(By Dr Rupak Bhattacharjee) - For the last two decades or so, Assam has been witnessing a sudden spurt in the number of persons, particularly women, being denounced as dain or daini (witch) and often hacked to death. But this is not entirely a recent phenomenon. Ostracisation and execution of people in the name of witchcraft were in vogue in the medieval period and the trend continued in eighteenth and nineteenth centuries too. While the majority of people in Assam more or less follow Hindu teachings, customs and traditions like most of their co-religionists do in other parts of the country, certain ethnic groups of the state even today practise trantric (occult) rituals to avert evil sprits. Witch-hunting, occult practices and traditional custom such as animal sacrifice in the name of god, had been persisting in the state, especially in the lower Assam districts, for several hundred years. Studies point out that it was once famous as the “Indian capital of black magic” and people used to come from distant places, including foreign nations, to muster the art of occult practices. It is imperative that the prevalence of such beliefs and practices has to be analysed in religio-historical and socio-economic perspectives.
Persecuting or hunting people after castigating them as black magic practitioners, is prevalent among certain tribal communities like Bodo, Rabha, Adivasi, Mising, Hajong and Karbi. These ethnic groups—overwhelmingly illiterate and economically backward, still staunchly believe in age-old myths, supernatural activities and refuse to discard irrational thinking and inhuman acts despite numerous awareness drives undertaken so far. It is a paradoxical situation where such practices, some of which are barbaric in nature, have coexisted with modernity. The Times of India has explained this aspect in its editorial in the following words: “Witchcraft is irrational, dangerous stuff. It has no place in civilised society. Sure, such practices have existed for centuries. Black magic or ritualistic traditions bordering on that have coexisted with rational belief system in India for ages. But such coexistence was not necessarily peaceful and even desirable. These practices promoted superstition and advocated irrational methods to deal with illness, personal and social”.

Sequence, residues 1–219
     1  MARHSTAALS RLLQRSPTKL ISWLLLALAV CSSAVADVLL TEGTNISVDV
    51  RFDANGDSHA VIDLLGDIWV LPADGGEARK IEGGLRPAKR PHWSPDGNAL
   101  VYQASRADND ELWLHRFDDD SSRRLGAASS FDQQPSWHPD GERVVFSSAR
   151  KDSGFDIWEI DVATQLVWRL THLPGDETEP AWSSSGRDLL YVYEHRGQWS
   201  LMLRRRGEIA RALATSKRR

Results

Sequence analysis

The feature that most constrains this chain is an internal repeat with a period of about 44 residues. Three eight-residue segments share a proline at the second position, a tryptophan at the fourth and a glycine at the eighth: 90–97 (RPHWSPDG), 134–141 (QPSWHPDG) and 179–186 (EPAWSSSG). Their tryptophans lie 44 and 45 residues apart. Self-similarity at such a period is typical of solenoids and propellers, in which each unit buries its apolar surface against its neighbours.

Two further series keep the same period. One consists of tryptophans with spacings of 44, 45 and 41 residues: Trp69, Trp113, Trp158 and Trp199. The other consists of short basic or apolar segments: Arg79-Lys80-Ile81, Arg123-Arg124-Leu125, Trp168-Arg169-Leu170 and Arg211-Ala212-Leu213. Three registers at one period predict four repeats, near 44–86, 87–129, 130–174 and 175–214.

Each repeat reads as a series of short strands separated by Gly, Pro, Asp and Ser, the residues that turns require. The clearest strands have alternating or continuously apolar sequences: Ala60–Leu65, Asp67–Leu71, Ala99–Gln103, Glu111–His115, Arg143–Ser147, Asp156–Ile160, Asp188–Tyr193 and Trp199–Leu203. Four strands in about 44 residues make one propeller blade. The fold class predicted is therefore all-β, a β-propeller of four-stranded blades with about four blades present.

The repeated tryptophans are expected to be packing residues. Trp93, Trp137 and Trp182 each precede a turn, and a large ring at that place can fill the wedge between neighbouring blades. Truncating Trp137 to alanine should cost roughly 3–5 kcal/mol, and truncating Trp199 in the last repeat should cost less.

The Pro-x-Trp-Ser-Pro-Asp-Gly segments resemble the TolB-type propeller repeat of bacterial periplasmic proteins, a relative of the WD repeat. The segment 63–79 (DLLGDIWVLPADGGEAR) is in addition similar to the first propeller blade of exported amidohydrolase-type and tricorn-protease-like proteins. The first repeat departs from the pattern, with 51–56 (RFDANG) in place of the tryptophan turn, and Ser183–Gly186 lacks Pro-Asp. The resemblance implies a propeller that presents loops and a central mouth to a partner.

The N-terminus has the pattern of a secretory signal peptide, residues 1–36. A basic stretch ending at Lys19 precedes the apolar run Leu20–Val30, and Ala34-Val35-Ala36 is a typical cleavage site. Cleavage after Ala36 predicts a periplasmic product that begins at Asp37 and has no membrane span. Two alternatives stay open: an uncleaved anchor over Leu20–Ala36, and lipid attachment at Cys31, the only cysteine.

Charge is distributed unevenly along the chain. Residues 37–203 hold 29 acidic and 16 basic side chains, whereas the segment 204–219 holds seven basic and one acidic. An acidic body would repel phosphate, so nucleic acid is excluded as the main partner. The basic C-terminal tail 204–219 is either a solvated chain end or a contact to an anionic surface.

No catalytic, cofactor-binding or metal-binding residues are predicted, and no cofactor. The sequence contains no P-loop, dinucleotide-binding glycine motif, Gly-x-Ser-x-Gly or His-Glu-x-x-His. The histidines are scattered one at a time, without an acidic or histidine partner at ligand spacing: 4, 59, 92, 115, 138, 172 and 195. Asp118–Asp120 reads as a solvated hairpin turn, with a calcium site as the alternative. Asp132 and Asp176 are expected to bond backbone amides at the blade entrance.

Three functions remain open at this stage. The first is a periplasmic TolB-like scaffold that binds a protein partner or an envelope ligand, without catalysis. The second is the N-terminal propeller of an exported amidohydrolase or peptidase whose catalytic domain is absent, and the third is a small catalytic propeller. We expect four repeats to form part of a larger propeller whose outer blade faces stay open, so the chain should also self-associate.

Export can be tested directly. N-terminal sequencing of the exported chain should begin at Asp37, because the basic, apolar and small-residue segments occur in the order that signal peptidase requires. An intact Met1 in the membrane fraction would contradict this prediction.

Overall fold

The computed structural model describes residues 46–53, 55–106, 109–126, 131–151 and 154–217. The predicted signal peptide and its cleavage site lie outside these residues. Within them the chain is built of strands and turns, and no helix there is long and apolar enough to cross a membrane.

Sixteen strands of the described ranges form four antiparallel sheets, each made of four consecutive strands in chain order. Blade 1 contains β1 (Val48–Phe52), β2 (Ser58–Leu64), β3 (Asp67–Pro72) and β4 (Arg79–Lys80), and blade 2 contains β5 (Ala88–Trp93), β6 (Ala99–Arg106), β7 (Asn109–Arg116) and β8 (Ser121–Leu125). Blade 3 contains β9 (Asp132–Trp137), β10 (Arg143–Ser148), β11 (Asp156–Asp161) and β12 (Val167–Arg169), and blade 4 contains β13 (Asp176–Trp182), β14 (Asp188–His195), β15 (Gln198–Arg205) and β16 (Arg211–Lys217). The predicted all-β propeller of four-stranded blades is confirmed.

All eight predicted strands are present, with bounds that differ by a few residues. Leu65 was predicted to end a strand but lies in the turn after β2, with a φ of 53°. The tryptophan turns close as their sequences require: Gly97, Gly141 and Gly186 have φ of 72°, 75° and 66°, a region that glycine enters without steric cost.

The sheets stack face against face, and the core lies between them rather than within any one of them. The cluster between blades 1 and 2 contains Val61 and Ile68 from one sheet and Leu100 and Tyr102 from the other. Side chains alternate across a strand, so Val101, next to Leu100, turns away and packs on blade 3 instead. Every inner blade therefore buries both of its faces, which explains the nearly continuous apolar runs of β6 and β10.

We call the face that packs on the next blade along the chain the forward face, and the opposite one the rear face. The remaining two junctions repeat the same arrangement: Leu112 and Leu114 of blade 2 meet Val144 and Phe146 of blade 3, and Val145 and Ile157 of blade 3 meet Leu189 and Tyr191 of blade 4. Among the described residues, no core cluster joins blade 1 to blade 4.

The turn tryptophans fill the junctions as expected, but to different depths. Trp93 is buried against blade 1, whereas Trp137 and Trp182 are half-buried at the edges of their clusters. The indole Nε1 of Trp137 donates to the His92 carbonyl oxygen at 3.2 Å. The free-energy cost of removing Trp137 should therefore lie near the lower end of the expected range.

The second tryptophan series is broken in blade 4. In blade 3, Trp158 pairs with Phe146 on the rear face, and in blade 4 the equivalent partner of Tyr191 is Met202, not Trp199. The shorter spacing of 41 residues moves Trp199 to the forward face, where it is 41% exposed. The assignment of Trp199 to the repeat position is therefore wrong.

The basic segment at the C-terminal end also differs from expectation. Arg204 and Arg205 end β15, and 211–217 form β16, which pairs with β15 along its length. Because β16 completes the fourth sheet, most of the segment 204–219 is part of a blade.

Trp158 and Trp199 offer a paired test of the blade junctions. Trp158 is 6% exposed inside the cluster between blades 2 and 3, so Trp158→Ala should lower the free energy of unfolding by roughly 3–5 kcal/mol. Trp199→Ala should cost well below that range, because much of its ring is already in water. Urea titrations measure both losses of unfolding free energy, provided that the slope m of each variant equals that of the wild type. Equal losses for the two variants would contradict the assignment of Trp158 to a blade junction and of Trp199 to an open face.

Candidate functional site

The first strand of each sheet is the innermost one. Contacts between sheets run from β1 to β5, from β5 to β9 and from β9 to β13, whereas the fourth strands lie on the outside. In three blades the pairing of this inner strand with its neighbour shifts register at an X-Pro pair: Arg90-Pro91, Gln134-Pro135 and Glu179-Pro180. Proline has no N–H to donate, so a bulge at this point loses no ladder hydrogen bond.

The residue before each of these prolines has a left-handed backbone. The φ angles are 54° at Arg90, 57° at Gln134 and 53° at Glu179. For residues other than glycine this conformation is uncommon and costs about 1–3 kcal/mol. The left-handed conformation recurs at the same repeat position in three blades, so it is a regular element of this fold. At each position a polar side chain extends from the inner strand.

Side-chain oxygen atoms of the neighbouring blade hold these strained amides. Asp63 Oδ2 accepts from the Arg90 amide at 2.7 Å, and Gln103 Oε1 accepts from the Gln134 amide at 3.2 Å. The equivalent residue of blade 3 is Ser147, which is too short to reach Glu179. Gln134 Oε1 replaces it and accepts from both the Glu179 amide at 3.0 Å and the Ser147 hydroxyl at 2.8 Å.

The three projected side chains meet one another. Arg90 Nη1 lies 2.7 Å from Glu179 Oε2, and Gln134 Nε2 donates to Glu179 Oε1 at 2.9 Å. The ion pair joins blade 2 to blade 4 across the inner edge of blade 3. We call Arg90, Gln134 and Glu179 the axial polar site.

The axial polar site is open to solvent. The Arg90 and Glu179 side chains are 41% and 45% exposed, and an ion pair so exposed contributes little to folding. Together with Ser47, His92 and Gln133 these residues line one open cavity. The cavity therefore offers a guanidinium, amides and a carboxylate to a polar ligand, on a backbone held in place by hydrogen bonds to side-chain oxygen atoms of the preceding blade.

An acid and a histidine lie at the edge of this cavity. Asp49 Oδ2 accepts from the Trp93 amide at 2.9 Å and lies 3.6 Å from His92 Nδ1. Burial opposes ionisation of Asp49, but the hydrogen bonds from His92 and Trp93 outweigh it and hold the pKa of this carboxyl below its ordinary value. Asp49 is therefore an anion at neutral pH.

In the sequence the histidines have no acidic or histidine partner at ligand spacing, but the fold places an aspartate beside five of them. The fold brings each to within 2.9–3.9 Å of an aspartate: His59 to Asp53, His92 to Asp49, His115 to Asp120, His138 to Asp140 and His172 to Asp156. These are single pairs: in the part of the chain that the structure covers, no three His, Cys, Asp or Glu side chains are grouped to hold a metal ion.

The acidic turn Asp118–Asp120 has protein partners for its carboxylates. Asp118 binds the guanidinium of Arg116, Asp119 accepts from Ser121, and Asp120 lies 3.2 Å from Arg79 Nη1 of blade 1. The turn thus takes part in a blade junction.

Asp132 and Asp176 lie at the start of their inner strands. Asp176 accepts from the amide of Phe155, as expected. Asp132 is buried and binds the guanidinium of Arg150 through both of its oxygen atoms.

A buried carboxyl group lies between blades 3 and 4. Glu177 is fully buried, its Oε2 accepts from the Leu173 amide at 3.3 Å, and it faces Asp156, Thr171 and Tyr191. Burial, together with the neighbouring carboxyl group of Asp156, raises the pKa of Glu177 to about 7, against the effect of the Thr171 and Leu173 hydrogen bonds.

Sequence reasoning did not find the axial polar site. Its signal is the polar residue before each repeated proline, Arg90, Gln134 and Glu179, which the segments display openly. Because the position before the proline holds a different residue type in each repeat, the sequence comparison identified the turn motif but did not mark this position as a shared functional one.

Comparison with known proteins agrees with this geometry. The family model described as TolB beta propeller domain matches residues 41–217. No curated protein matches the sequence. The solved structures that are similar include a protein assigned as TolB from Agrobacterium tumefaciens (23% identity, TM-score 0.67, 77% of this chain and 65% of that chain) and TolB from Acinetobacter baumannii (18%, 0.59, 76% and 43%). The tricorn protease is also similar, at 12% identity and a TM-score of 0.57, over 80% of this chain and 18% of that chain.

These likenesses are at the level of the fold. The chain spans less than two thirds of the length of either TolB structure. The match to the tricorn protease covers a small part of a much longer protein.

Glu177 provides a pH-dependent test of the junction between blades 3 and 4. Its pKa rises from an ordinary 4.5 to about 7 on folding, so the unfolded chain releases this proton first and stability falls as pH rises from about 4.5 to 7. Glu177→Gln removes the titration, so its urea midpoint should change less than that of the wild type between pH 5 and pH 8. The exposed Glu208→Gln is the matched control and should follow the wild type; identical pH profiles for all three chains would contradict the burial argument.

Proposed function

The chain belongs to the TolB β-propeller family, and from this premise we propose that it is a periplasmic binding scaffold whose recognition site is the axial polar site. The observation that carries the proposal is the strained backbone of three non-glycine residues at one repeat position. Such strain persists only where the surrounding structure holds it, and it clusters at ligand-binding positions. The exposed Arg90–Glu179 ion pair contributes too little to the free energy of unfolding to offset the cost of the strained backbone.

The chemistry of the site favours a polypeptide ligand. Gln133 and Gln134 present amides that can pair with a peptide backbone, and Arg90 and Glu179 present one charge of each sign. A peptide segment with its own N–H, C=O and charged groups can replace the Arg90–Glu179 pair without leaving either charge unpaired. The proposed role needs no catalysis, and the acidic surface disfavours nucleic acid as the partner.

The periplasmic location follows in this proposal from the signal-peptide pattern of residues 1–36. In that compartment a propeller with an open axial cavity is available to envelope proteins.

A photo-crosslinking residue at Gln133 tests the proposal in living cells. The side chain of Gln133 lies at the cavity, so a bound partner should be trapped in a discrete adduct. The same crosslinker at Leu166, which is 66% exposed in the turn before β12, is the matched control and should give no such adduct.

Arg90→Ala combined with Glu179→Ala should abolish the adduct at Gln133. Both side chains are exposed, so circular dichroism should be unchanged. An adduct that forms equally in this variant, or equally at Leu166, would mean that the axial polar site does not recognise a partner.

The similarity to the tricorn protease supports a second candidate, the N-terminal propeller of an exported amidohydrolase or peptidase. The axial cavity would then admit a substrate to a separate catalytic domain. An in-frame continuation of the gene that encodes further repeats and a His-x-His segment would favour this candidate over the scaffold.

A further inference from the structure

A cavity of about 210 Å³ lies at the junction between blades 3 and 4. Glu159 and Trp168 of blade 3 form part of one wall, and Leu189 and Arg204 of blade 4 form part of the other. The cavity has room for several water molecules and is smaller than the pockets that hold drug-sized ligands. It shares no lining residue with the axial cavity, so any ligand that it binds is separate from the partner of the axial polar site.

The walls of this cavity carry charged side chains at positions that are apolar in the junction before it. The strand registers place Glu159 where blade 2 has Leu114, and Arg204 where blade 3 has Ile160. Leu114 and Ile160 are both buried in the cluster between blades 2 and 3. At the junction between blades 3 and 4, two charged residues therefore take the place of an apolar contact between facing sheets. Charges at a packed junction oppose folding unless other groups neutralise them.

The menace of witch-hunting has reached an alarming proportion in the state. When the UN rappoteur had been visiting the state in March 2012 to submit his recommendation to the union government on human rights abuse in the North Eastern region, his attention was drawn to the growing number of killing of innocent people, especially women, in rural Assam, in the name of witch-hunting and other superstitions, he took note of it. The majority of witch-hunting incidents are reported from northern and western districts—Kokrajhar, Goalpara, Kamrup (rural and metro), Dhemaji, Sonitpur, Baksa, Chirang. Sporadic incidents also occur in south, central and upper Assam districts of Cachar, Naogaon, Karbi Anglong, Lakhimpur and Jorhat. The tribal-inhabited belts of these districts still lack proper infrastructure, health care, education and other facilities. Therefore it is no wonder that the tribal people having deep-rooted faith in traditional mores and customs, often rush to bejs or ojhas (traditional medicine practitioner) or trantrics (occult practitioner or witch doctors) for remedies of their ailments. They are readily available in rural areas and their writ run in tribal-dominated regions.